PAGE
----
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THE FUTURE IN PLAIN SIGHT
The Rise of the ‘True Believers’
And Other Clues to the Coming Instability
With a New Afterword by the Author for the Plume Edition
In THE FUTURE IN PLAIN SIGHT: The Rise of the ‘True Believers’ and Other Clues to the Coming Instability (A Plume Book; On-Sale: February 5, 2002), veteran journalist and social critic Eugene Linden offers a provocative way of thinking about the future. “We will know much,” writes Linden, “...if we can answer one question: Will life in the next century be less stable than it is now.” Linden argues that the remarkable stability and economic growth since World War II gave baby boomers a false sense of security, and, more importantly, camouflaged deep forces that will likely plunge the world into a protracted period of economic and social upheaval. Since September 11, Linden’s argument has taken on new urgency as some of these forces have been violently thrust before the public.
By outlining the nine clues that will play the greatest roles in shaping our future and examining the potential effects each of them will have on society, Linden presents a clear picture of the challenges that need to be addressed, and the pitfalls of not heeding these warnings. In the chapter entitled “The Rise of the ‘True Believers’” Linden describes how radicals and religious fanatics are both a product of instability in the world today and a likely indicator of greater instability to come. As recent events have proven, any of the clues to the coming instability can have momentous effect; taken as a whole, the nine clues outlined in THE FUTURE IN PLAIN SIGHT could reshape the known world, and in as little as 50 years.
Since the dawn of history, prophets, seers and marketing gurus have sought to answer what the future holds, almost to always find their predictions humbled by the whims of fate. In Linden’s case, however, what was published in 1998 as a look at the future looks more and more like a description of the present. Prescient sections of the book examine the destabilizing aspects of religious fanaticism and infectious disease, and describe as well as how they might transform the way we live. For those people wondering whether the world is at the point of a major transition, Linden offers a clear and useful way of looking at the future by taking a fresh look at the landscape of the present. The book deciphers the larger meanings of the wage gap, recurring currency crises in the developing world, changing climate, migration, shriveling supplies of water and other clues to future instability.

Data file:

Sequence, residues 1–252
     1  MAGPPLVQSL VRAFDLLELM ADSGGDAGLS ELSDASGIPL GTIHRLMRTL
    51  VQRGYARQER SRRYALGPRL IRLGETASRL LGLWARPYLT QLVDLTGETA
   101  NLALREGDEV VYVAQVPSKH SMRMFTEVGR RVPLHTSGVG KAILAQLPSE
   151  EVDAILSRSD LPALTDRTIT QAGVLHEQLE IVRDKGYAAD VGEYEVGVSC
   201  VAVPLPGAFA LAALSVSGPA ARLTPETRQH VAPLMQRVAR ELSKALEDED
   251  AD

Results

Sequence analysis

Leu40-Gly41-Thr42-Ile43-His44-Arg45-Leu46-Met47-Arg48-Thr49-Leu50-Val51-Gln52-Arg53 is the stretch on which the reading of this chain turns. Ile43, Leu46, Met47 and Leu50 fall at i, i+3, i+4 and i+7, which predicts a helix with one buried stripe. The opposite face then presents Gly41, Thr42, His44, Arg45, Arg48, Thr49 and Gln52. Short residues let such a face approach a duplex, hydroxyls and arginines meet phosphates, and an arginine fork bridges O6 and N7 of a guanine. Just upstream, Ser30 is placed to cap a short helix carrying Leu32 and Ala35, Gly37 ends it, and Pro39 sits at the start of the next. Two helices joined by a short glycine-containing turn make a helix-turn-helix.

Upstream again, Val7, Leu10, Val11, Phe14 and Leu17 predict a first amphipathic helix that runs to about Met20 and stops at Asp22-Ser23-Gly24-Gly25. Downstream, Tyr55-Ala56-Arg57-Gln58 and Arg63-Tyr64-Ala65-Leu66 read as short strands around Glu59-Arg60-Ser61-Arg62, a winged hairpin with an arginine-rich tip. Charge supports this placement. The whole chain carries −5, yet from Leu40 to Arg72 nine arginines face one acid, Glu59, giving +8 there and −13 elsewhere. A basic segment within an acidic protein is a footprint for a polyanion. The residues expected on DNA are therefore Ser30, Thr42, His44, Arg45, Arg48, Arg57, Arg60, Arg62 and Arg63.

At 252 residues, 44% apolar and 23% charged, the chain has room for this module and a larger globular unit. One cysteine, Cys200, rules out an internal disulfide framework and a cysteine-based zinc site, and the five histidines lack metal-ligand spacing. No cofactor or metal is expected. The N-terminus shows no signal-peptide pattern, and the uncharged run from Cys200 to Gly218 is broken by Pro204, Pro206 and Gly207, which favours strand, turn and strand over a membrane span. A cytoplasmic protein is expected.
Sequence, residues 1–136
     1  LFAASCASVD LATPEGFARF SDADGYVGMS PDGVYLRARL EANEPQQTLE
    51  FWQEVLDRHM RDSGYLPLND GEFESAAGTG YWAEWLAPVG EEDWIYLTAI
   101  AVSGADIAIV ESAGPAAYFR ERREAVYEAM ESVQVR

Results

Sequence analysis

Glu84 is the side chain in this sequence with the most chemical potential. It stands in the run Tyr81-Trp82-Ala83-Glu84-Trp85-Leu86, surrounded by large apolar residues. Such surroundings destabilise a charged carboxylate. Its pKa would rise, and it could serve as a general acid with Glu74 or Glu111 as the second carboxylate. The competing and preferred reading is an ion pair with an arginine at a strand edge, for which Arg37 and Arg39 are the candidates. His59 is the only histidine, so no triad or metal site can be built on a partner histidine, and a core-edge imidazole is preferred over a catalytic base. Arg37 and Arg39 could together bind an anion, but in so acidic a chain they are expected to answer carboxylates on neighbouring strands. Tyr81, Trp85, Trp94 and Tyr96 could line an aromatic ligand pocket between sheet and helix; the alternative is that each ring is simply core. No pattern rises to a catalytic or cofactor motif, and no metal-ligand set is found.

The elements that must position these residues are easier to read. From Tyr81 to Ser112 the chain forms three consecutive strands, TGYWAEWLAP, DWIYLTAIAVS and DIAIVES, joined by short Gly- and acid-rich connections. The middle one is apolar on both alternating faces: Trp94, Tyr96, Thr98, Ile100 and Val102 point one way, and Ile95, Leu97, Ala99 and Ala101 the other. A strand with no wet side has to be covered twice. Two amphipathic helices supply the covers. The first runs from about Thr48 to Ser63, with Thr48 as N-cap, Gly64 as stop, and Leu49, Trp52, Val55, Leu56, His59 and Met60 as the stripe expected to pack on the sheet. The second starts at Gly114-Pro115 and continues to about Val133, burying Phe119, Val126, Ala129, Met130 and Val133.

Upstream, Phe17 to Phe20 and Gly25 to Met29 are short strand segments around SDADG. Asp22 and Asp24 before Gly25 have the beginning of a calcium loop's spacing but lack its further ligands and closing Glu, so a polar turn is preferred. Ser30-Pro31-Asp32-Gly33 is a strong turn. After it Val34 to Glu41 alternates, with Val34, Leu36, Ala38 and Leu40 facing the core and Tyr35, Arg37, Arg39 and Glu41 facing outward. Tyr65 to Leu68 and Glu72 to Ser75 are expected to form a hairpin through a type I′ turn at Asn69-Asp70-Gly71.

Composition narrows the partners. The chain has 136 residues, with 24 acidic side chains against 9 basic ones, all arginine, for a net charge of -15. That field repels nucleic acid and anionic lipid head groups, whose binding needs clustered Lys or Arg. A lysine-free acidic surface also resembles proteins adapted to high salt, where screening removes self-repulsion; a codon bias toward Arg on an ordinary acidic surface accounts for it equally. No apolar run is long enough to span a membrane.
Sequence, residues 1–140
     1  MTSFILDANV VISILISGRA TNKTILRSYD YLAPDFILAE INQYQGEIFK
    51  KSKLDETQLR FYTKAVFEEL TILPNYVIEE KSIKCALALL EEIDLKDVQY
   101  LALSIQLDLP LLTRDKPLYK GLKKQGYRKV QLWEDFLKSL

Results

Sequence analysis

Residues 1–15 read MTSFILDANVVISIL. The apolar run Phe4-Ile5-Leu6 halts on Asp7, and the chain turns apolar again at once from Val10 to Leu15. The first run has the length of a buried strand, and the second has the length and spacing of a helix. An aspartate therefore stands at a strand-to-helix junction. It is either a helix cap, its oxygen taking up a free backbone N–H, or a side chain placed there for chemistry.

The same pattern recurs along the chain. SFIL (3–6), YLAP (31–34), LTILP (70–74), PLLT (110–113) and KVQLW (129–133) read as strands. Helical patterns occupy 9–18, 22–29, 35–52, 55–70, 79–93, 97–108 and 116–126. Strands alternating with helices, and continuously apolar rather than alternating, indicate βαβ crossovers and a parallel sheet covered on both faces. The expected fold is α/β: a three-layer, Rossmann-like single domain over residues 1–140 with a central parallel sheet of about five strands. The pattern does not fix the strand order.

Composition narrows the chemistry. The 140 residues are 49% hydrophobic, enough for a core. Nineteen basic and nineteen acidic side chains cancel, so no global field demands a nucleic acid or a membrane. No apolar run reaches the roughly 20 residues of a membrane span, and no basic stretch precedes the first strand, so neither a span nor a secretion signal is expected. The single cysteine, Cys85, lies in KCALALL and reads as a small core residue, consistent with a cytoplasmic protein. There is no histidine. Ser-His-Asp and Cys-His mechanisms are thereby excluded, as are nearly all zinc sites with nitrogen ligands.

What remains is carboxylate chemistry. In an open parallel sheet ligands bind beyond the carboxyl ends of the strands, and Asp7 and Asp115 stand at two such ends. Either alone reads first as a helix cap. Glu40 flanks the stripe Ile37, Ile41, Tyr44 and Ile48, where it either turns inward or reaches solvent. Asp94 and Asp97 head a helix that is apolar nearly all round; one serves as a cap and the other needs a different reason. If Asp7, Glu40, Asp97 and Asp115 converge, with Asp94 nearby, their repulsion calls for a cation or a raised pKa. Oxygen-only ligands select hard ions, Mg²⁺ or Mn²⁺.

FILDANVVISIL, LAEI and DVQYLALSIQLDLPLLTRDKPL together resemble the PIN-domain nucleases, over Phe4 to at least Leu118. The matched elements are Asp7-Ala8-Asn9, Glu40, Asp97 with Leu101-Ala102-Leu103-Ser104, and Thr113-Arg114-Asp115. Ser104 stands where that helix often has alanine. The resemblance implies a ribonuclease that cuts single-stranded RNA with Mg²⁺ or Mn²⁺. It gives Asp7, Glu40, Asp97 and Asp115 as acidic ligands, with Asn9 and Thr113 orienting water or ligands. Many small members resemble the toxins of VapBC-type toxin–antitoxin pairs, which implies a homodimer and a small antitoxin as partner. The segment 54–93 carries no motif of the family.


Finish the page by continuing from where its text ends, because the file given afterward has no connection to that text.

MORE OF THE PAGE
Then, in a series of scenarios set in such places as New York (where Linden describes a future that Americans can now more easily imagine), London, Northern California, Mexico and the Congo, the author shows the various and often surprising ways in which people react to instability. Some will welcome stronger family ties and the end of youth culture, but an unstable world also may see less innovation and investment.
Finally, Linden describes how the potential for instability lies in the very nature of the consumer society itself, and how the world might side step the pitfalls of instability. In a new afterword Linden updates the book to address events, including the attacks on September 11, 2001, that have occurred since initial publication in 1998.
ABOUT THE AUTHOR
Eugene Linden is an award-winning writer on science, nature, and the environment, whose articles have appeared in many publications, including Time magazine, National Geographic, and The New York Times. In recent years he has consulted for the U.S. State department and the United Nations Development Program, and he is a widely traveled speaker and lecturer. In 2001, Yale University named Linden a Poynter Fellow in recognition of his writing on the environment. Linden is also the author of The Parrot’s Lament (available in a Plume edition), as well as five other books. His newest book, The Octopus and the Orangutan: More True Tales of Animal Intrigue, Intelligence, and Ingenuity, will be published by Dutton in August 2002. Linden lives in Nyack, New York.
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